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Remembering Ramon Novarro

by CHARLIE PURCELL

Ramon Novarro would’ve been 117 this month. The Mexican actor started in movies exactly 100 years ago and, for much of the twenties, he was one of the biggest stars in the world. After Rudolph Valentino died, he was Hollywood’s “Latin lover,” an actor idolized by millions. He was also gay, and when he was 69 years old, he was murdered. Today, Novarro may seem like a tragic, historical footnote from Old Hollywood. He isn’t. These are the six reasons why it’s important to keep his memory alive.

1. He refused to enter a lavender marriage

“Lavender marriages” were studio-sanctioned sham marriages that helped gay stars remain closeted. Most likely, MGM head Louis B. Mayer tried to get Novarro to enter into one of these marriages, but Novarro refused. In the twenties, he was in a committed relationship with his publicist Herbert Howe.

2. He drove the nation wild with his sex appeal

Novarro’s big break was in Ben-Hur, the big hit of 1925. Women flocked to the cinemas, most likely because of his (for the time) revealing costumes. MGM advertised him as the new “Latin lover,” but his silent movie good looks did most of the work.

3. He got name-dropped in the greatest song ever made

Queen’s “Bohemian Rhapsody” is full of lyrics that are as ridiculously sing-able as they are indecipherable. One of the most memorable moments in the song is when Freddie Mercury pleads, “Scaramouche! Scaramouche! Will you do the fandango?” For those of you who sang along without knowing what you were saying, Scaramouche was a 1921 novel and a 1923 film. Novarro played Scaramouche, a handsome aristocrat during the French Revolution. The ladies loved him, of course, so you can imagine how they’d feel after he danced the fandango with them.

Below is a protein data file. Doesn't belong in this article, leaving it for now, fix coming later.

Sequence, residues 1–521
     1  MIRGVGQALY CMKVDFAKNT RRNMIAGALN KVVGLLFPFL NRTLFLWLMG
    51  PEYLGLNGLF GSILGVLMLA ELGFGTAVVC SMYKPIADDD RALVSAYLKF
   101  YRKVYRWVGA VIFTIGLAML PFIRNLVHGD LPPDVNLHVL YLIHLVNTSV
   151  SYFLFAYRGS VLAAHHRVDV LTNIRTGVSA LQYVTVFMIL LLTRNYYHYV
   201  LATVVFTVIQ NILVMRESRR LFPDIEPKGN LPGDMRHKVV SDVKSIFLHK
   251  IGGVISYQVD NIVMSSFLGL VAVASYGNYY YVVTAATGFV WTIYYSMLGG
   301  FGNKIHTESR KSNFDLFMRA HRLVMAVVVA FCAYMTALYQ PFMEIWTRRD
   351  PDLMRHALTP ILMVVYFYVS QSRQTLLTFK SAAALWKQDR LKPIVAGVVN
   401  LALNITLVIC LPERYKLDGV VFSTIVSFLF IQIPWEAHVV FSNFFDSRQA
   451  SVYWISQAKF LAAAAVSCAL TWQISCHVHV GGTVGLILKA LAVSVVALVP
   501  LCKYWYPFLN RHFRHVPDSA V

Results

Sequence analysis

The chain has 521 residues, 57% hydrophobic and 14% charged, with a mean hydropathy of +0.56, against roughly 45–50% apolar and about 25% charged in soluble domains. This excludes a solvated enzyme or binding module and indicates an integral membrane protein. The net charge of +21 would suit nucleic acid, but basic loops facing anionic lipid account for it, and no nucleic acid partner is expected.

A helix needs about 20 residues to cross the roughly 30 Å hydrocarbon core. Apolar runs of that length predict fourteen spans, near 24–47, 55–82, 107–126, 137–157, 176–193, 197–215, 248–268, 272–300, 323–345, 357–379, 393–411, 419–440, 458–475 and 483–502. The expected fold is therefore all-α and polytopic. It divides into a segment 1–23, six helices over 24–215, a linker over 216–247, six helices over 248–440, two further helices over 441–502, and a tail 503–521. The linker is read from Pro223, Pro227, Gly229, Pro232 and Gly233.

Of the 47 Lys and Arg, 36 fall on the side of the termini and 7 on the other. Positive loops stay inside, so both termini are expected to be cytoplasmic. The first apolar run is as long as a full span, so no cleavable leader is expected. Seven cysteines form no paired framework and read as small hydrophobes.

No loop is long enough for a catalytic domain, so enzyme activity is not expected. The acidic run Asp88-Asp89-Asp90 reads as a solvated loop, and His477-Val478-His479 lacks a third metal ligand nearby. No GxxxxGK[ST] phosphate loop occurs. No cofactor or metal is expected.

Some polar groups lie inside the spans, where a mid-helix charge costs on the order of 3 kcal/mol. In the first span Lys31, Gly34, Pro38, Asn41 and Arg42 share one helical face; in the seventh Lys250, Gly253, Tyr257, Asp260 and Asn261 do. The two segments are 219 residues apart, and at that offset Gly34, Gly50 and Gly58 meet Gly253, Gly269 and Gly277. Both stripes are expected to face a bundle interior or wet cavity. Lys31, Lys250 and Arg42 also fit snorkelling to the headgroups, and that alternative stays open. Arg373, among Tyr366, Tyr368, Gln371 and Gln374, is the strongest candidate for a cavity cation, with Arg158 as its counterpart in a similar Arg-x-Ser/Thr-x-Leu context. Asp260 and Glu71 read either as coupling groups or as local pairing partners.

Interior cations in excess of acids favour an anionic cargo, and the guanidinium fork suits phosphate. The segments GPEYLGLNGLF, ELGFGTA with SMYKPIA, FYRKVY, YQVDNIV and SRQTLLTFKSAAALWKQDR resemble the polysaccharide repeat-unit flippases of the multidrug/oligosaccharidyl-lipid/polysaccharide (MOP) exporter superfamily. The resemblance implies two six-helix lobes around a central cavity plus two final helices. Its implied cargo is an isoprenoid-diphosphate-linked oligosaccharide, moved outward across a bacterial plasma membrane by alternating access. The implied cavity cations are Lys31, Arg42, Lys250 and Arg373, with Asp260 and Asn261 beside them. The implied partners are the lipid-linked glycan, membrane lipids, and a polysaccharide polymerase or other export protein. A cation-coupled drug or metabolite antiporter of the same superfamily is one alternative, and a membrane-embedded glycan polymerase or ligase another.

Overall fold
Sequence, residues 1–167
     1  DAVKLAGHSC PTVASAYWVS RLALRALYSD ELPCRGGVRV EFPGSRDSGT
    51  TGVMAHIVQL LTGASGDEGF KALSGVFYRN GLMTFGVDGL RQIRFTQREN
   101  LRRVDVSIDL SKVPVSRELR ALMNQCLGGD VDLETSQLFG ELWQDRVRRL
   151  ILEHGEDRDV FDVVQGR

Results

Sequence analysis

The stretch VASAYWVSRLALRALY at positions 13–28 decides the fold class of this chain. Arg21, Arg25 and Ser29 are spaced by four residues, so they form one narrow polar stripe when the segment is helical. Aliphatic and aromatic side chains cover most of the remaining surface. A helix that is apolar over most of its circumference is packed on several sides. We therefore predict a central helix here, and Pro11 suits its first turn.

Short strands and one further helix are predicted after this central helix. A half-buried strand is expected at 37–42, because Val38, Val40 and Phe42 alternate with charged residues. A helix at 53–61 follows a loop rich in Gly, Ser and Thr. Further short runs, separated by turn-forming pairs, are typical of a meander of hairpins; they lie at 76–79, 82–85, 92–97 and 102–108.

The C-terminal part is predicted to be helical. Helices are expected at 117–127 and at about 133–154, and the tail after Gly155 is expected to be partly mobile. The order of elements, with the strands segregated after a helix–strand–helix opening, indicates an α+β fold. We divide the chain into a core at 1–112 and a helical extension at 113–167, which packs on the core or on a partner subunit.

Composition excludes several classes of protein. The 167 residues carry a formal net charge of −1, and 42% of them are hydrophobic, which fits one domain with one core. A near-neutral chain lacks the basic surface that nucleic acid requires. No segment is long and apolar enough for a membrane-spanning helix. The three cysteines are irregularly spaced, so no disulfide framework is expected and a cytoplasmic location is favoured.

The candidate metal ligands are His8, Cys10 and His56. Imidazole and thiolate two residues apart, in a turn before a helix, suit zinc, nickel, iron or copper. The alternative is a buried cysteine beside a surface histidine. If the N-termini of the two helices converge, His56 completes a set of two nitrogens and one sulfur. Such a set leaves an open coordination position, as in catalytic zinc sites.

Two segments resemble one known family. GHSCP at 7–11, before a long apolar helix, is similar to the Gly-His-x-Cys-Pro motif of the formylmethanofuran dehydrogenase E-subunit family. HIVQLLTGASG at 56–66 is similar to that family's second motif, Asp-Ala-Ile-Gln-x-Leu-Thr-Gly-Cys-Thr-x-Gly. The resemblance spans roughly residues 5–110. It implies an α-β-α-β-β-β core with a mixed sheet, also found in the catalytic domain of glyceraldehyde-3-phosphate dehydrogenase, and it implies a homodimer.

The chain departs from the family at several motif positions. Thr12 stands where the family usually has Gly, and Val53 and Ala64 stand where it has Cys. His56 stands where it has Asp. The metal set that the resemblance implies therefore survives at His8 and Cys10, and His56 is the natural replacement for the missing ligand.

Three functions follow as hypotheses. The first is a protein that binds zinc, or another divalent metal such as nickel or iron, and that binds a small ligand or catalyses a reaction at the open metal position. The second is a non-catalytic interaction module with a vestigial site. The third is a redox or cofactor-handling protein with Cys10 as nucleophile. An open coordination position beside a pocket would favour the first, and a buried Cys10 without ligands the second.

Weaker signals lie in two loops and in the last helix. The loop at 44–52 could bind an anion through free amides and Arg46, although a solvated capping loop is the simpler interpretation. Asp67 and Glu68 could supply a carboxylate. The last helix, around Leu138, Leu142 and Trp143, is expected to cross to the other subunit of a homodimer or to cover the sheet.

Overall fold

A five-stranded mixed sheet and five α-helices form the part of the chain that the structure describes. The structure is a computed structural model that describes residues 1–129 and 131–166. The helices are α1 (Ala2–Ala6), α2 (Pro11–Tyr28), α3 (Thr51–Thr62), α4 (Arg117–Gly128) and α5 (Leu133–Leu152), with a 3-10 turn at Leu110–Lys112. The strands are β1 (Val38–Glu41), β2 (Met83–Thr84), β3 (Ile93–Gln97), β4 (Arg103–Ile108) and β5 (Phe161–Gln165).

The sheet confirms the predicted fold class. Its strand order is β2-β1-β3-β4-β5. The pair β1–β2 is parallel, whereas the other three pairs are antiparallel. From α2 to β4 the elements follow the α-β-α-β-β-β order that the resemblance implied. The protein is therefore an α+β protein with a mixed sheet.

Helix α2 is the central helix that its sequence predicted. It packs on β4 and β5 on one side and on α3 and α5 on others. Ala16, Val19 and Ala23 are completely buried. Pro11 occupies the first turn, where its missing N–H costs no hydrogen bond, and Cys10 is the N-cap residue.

4. He survived his fall from stardom

Like most of his contemporaries, the transition from silent films to talkies wasn’t particularly easy. He worked steadily into the 30s, but when MGM expired his contract in 1935, things began to dry up. He still worked—mostly on television—but he wasn’t the superstar that he had been. Eventually, he began to rely more and more on his real estate investments. He had problems with alcohol, but he lived comfortably for decades as the limelight slowly shifted away.

5. His tragic death is a warning to us all

Despite his financial security, Novarro was lonely in his later years. In his late sixties, he hired two young brothers from an escort agency to come to his home. Thinking that there was a fortune hidden in his house, the brothers robbed, tortured, and murdered him, only walking away from the house with a twenty-dollar bill they’d found in Novarro’s pocket. The brothers were convicted, but spent less than a decade in jail for the crime.

Ramon Novarro lived a singular life. For a short time, he was adored by the world, but in the end, he died tragically and alone. Now, one hundred years later, an actor like Novarro would hopefully be able to live openly, remembered for his films, not his death. It’s tempting to focus on the final moments of his life, but I think his greatest legacy is the simple fact that, way back in the twenties, a gay man was the biggest sex symbol on Earth.


Charlie Purcell is an American living and working on beautiful Zanzibar Island off the coast of Tanzania. He’s a teacher by day and a writer by night. His latest novel, a road trip romance called Rev Your Engines, will be available on Amazon next month. For updates on his novels and short stories, visit ThisIsCharliePurcell.blogspot.com.

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